We had a chance to visit the Little Garage Shop last week and to see their studio space in NE Portland. From displaying their ceramics to their working space, everything nests in their little garage space. Their collection include a range of tableware, objects, and sculptures, approaching form and function thoughtfully to create works that are timeless, modern, and approachable.
From start to finish, everything is cut, thrown, shaped, glazed, fired, dyed, painted, dried, and tagged in house. While some may see the garage as a space to fill, L.G.S. see it as a space for possibilities!
See below to read our interview with them!
When did you decide that you wanted to make ceramics?
I decided to make ceramics my focus about 6 years ago. I had taken one class in college, 20 years ago, but had forgotten about it almost completely except for the few pieces I made from that time on the shelf. I was working in advertising and marketing at the time when my partner had suggested I do something creative again to provide an outlet from work. After taking a class at a studio near my place I was hooked. I had forgotten how much I enjoyed having my hands in clay and how much it grounded me. Over the course of a year I had developed a small collection of work that was bought by a shop in LA and that was the moment I made the decision to make this my career and to do the thing that actually makes me happy.
What sets your ceramics apart from others?
We aim to create objects/ceramics that will stand the test of time and often avoid overt trends. We want our pieces to add value to your life while seamlessly elevating your surroundings. Much of our work has dual functionality offering a piece of art as well as a multi-purpose vessels. The Guardian series is a perfect example of this idea. They are three piece vessels that stack onto each other to create a sculpture or broken down can be used as individual vessels.
Where does your inspiration come from?
We are very much inspired by brutalist architecture, mid-century design and a 70's color palette. While we reference these inspirations, we never try to just replicate an era or trend. It’s more of a nod towards the craft and palette of that time.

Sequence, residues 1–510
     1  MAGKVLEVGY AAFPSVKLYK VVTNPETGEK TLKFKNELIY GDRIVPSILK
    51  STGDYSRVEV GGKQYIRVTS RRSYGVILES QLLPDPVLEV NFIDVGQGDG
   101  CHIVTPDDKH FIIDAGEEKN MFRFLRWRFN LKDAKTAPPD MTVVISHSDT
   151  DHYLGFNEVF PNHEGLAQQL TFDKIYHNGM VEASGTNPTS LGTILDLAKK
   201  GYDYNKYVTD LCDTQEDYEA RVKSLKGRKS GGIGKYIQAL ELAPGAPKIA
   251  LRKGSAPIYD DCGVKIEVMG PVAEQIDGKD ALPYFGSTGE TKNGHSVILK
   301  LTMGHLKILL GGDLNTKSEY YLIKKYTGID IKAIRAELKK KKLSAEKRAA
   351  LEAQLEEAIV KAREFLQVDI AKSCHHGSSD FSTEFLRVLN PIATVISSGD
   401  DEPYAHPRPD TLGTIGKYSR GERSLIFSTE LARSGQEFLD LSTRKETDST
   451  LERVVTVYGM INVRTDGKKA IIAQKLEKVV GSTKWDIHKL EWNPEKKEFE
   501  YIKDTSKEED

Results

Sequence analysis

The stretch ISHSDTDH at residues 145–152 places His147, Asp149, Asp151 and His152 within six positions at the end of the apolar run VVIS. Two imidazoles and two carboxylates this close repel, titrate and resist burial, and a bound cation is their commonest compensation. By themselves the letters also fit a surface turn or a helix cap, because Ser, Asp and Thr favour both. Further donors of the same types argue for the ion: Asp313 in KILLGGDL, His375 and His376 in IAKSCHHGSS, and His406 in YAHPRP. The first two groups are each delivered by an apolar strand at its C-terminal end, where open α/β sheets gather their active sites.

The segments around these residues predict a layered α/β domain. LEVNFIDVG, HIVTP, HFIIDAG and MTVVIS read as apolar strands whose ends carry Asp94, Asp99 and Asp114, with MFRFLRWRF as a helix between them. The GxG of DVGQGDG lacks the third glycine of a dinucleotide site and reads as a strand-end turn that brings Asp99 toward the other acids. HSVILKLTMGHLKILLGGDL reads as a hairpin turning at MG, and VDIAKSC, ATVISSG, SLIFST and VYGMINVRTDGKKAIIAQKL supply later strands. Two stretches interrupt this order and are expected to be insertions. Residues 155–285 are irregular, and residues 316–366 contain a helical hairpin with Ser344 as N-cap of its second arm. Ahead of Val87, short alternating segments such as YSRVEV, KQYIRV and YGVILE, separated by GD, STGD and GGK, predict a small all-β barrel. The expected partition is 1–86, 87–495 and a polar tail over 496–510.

How did you decide that a garage would be the perfect space for your work?
For us, the garage is a symbol of creativity. It’s the place to fix a car, start a band, launch a revolution, or build an atelier. The garage is where imagination and transformation come together. It's a sanctuary to some and to others a graveyard for stuff. We decided to give the garage a second life, using it as a revolving showroom/studio space, which evolves and changes a few times as year as the work evolves.
Besides yourself, is there anyone else you go to for pottery/ceramics?
I really enjoy the work of FCK Frederick Gautier, a French ceramic artist that uses textures, reliefs and inspiration from urban environments to create collections of work based on his immediate surroundings.
Do you draw inspiration from other Portland artists? Portland has a thriving creative community and we are always inspired by what other artists are creating in their spaces. The growth that Portland is experiencing right now is only going to keep creative businesses evolving and we are excited to be a part of that.
Where are your top three places in Portland?
Hiking in Forest Park, wandering around the Japanese Gardens and having dinner at Tusk sum up a perfect day in Portland.
What’s on your playlist right now?
Rhye. Kendrick Lamar. Fleetwood Mac. Leon Bridges. Frank Ocean. SZA.